Inside Leadership Lineup New Academy officers come onboard at the Oct. 29 annual meeting . . . . . . . . . . . . .PAGE 4 Fair Value for Insurance Liabilities Academy monograph explores underlying principles . . . . . . . . . . .PAGE 5 NAIC Notes A digest of Academy action at the fall meeting in New Orleans . . . . . . .PAGE 6 Letter to the Editor Do DC health plans simply shift costs to employees? . . . . . . . . . .PAGE 7
Pensions Made Plain
HE ACADEMY’S pension assistance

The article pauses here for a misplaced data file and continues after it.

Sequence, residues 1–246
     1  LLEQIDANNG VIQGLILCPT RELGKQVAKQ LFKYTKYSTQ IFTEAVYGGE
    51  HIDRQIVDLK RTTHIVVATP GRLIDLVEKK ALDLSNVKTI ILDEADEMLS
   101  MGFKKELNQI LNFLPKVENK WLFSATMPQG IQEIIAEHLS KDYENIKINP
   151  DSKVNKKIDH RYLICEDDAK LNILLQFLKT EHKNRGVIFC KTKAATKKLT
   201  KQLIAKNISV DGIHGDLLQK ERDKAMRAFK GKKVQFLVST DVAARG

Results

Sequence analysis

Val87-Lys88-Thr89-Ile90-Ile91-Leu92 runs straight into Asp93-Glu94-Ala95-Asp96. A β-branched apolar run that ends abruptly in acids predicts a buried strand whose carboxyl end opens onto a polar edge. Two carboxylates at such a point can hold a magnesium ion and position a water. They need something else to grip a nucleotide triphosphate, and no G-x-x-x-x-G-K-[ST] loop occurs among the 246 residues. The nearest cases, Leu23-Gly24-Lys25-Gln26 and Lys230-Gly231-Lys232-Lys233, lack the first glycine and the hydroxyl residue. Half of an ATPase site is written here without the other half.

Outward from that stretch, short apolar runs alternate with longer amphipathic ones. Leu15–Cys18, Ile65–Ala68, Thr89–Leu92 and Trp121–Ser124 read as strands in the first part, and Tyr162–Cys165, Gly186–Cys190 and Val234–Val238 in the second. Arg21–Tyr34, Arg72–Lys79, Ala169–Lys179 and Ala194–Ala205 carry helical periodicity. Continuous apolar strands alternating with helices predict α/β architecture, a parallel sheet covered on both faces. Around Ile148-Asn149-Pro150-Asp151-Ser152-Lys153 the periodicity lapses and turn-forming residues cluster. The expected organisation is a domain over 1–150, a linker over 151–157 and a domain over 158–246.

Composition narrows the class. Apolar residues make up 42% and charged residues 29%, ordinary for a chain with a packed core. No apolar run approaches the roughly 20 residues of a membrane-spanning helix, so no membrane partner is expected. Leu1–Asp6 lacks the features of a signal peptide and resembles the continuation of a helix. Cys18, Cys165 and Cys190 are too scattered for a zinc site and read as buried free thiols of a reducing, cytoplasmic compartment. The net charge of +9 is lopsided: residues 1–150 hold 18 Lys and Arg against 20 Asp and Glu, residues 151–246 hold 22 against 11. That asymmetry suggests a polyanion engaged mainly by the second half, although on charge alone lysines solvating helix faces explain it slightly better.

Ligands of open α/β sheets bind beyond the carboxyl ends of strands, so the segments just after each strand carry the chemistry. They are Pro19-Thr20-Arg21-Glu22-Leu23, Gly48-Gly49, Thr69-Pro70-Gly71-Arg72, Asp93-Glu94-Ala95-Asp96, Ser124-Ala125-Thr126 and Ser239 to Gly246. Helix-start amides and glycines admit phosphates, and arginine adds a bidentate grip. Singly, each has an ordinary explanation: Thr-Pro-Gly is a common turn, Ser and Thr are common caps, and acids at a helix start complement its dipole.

always been complex, says John Parks, list (PAL) program, which helps the Academy’s vice president for pension consumers who have questions issues and a PAL volunteer. “As pension about their pension plans, was actuaries, we understand these complexfeatured in the September 2002 issue of ities,” Parks says. “I think that’s the value AARP’s Modern Maturiwe bring to the table.” ty, the nation’s largestThe PAL program Mention of the Academy’s circulation magazine. was created by the Pension Assistance List (PAL) Within days, the Academy several years program in Modern Maturity Academy started reago to tap that value for has triggered a flood of ceiving phone calls the public good, but requests for assistance. from people all over also to broaden actuarthe country seeking assistance in underies’ understanding of the concerns parstanding their pension benefits. ticipants have about their pension plans. In the present economic climate, this The magazine article has already gencomes as no surprise. But pensions have See PENSIONS, Page 5